We don’t want to see you breaking a sweat every day of the week. No, we’re not kidding. If you want to make gains, you should build in rest days and active recovery into your workout routine. Without a little bit of both, overtraining can actually set you back by leaving you perpetually sore and fatigued. It can even lead to injury. So what’s the difference between a rest day and active recovery, and when should you deploy them? Let’s get into it.
It’s exactly what it sounds like. A day of hitting the couch instead of the weight bench. Rest days are especially important if you’re just starting your fitness journey when it can be tempting to go too hard, too often. That kind of push can quickly lead to burnout and potentially quitting your fitness goals altogether, so take rest days as seriously as your next PR. They’re there to help you recharge physically and mentally because making progress depends on both.
A few good rules of thumb:
- If your body is sore, take a rest day.
- If the thought of working out is making you exhausted, take a rest day.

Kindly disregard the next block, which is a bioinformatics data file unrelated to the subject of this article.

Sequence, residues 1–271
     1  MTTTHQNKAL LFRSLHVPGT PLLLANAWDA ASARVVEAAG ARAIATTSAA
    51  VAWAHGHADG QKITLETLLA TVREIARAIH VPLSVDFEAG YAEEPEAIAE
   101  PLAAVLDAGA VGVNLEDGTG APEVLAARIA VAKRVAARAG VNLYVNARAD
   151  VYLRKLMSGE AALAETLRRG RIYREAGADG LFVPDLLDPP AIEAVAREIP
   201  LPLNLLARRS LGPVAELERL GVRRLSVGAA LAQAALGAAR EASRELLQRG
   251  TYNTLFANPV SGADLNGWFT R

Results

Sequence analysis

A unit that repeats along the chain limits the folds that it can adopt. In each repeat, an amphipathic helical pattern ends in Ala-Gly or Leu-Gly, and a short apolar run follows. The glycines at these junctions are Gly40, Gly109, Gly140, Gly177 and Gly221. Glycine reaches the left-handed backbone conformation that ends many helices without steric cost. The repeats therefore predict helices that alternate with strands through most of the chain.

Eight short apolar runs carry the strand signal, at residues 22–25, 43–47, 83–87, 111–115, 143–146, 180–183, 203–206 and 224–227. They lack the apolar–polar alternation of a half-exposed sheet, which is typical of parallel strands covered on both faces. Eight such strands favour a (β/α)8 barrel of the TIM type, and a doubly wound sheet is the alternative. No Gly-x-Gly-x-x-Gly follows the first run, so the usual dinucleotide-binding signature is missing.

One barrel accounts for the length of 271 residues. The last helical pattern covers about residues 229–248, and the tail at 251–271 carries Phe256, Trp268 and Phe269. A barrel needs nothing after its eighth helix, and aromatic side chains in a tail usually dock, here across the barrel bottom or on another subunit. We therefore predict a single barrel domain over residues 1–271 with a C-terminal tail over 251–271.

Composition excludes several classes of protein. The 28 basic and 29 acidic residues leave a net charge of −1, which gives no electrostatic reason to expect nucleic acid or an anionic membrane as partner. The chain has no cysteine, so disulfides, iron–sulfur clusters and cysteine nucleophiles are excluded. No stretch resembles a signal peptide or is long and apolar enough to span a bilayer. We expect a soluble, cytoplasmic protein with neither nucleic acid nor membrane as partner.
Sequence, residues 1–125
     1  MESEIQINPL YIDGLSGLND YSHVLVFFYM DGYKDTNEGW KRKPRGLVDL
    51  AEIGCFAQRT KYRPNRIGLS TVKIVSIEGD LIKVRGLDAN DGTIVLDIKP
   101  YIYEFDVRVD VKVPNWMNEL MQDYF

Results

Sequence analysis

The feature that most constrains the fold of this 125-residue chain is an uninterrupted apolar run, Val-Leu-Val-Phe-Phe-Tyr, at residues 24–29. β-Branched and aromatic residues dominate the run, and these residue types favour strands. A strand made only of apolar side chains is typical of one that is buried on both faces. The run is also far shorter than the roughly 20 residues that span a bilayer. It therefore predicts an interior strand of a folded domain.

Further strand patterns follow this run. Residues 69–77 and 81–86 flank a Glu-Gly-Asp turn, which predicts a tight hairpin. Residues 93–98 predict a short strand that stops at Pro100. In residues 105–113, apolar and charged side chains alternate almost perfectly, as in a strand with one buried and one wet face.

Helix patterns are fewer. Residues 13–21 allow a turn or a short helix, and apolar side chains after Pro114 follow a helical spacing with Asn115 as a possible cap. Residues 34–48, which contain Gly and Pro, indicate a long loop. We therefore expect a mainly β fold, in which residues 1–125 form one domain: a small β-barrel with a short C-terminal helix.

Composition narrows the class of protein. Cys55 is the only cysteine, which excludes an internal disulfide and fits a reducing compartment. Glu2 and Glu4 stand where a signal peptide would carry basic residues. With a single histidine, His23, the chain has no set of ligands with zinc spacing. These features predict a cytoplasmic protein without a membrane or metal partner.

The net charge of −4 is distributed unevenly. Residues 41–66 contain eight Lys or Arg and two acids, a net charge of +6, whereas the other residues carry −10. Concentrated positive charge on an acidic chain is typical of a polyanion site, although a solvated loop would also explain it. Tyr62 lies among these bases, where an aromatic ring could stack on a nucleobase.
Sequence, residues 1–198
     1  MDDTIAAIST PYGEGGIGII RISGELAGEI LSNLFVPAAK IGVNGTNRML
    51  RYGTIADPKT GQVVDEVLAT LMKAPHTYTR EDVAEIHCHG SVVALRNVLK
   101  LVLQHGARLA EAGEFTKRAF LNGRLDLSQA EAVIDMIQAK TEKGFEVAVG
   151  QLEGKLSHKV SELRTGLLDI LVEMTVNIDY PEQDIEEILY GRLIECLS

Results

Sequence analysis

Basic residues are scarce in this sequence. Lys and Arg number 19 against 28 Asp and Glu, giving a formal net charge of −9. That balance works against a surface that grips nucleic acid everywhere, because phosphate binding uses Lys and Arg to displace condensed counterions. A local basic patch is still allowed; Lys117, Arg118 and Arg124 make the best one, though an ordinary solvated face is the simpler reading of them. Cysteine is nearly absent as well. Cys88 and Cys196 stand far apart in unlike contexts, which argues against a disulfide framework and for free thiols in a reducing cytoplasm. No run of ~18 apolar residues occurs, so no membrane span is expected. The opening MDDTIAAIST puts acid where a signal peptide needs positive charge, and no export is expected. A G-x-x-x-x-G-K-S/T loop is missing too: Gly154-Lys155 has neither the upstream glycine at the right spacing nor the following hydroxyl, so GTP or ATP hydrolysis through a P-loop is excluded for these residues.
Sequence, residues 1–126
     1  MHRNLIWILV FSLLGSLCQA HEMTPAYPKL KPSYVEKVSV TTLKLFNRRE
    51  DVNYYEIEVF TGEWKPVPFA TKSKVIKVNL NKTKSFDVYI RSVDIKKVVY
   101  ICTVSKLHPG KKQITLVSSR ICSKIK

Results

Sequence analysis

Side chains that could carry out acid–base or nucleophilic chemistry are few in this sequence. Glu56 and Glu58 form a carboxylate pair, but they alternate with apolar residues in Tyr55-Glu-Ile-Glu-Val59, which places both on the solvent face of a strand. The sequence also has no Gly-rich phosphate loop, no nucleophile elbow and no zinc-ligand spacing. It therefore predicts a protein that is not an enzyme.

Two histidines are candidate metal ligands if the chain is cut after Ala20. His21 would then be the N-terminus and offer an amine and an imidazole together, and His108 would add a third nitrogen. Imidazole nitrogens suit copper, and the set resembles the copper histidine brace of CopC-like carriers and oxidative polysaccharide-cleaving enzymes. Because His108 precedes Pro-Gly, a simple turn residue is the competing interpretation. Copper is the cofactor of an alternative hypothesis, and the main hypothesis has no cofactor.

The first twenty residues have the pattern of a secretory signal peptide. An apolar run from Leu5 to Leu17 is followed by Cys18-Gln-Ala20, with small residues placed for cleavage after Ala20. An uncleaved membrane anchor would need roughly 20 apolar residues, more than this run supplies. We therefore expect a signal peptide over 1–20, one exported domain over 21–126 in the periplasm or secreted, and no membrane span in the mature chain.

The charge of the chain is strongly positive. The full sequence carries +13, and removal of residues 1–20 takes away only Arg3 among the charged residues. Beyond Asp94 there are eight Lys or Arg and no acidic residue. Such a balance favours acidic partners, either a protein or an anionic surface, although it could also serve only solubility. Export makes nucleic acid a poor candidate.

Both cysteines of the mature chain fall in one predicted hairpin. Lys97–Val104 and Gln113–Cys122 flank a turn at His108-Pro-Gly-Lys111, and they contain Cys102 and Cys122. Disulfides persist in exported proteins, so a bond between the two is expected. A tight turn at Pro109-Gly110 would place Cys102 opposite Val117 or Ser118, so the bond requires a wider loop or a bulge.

- In general, we recommend making every third day of your workout routine a rest day.
As you gain more experience, you can make some of your rest days, active ones. It may seem counterintuitive, but low-impact activity after busting out a bunch of reps can help your body and mind recover for the next round of intense workouts. Low-impact movement that still gets your heart pumping increases blood flow, clears out enzymes responsible for muscle damage, resets your central nervous system and helps your body adapt to new training loads. Low-impact activities include: walking, swimming, yoga, stretching, foam rolling and light hiking.
A day of active recovery can also entail resting sore muscle groups while working out a different part of your body. For example, if your upper body or core are sore from a strength workout you did yesterday, you shouldn’t train them again today or even the next day, but you can do some lower body exercises that don’t involve the same muscles. Targeting different muscle groups on different days of the week means you can take fewer rest days, but we don’t recommend skipping them altogether, so save one to two days a week for just doing nothing.